What i did when i began blueprints learning is

1 : Choosing one thing to do.
But not blueprints ! this is like saying : ok today i learn materials. Of course you can have fastly basics and the illusion to be skilled. But each new situation will be an issue because you don’t look at it in the right angle. and sadly, fastly will come the moment were you’ll be too much disappointed and leave.

Choose one small thing to learn in thewhole blueprints possibilities : communication : how to do a switch /light

2 : Find the tutorial (in fact, you can set as 0 a list of tutorials video / forums examples or downloads and all the stuff gave by epic in which with a bit time you have most of all the things you will wonder (at least it is true for me)

3 : doing it. Not only looking, but doing. You didn’t understand ? Ok ! It is normal. Just try to learn and remember. As we did when we learned numbers before being able to calculate.

4 : If you really understood nothing. Do it a second time to remember more how things work.

5 : Choose another tutorial in your list and do it.

6 : come back to ever done tutorials (best way is to create a project : learn stuff and migrate in it all you need to learn from content examples blueprint examples and add stuff from other tutorial. It will grow but you’ll know where to find what you did and you’ll not pollute your main project with fails.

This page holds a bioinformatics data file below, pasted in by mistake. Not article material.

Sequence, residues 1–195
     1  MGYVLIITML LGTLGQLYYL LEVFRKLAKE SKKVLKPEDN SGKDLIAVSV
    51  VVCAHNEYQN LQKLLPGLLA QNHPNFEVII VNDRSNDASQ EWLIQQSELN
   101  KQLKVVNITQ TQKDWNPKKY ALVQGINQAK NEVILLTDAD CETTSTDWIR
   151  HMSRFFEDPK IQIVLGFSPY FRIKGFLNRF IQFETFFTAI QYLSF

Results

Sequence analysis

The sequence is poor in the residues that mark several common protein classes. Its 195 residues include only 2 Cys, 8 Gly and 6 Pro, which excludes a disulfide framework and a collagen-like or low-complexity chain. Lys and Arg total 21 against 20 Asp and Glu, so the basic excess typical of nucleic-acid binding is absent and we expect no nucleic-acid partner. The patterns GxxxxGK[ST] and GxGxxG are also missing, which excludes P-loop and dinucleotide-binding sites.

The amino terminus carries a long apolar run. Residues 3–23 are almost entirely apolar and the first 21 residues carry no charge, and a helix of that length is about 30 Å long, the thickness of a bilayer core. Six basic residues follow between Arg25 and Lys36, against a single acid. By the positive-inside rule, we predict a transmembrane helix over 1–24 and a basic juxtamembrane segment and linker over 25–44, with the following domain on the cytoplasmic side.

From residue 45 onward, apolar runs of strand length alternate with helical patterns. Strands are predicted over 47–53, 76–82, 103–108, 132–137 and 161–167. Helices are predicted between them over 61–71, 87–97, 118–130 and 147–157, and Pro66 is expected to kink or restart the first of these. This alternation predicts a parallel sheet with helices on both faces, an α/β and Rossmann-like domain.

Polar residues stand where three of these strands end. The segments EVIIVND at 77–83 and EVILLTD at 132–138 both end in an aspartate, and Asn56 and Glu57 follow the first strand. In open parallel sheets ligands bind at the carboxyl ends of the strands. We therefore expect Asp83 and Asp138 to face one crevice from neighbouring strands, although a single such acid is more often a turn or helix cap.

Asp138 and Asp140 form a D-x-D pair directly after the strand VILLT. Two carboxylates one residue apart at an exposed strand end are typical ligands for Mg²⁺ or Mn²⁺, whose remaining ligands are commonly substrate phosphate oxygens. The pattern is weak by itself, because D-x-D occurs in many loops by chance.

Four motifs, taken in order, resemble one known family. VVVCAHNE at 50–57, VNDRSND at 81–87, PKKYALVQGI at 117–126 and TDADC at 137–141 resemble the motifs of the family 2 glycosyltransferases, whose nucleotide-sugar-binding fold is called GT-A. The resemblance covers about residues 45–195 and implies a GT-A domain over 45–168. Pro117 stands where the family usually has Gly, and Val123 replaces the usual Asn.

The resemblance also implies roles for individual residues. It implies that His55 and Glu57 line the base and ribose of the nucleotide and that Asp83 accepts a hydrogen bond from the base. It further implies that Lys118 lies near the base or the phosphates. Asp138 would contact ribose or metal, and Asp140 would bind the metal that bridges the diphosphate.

After 10 different tutorials, if you really did them with attention and remember what you did, the last ones will help you to understand the first ones. And the more you’ll learn new numbers and how they are basically use, the more you’ll understand how to use them in more situations, step by step.

Yes, this is boring, but if you don’t keep a time to learn arrays, you’ll never know what a powerfull they can be. If you don’t learn communications you’ll always wonder what is the best in your situation between cast or interface.

Learn all what you can even if you don’t understand and let the light come in by itself ^^

That’s definitely the other end of the spectrum from how I manage to learn things :slight_smile: It is good to say it since everyone learns differently.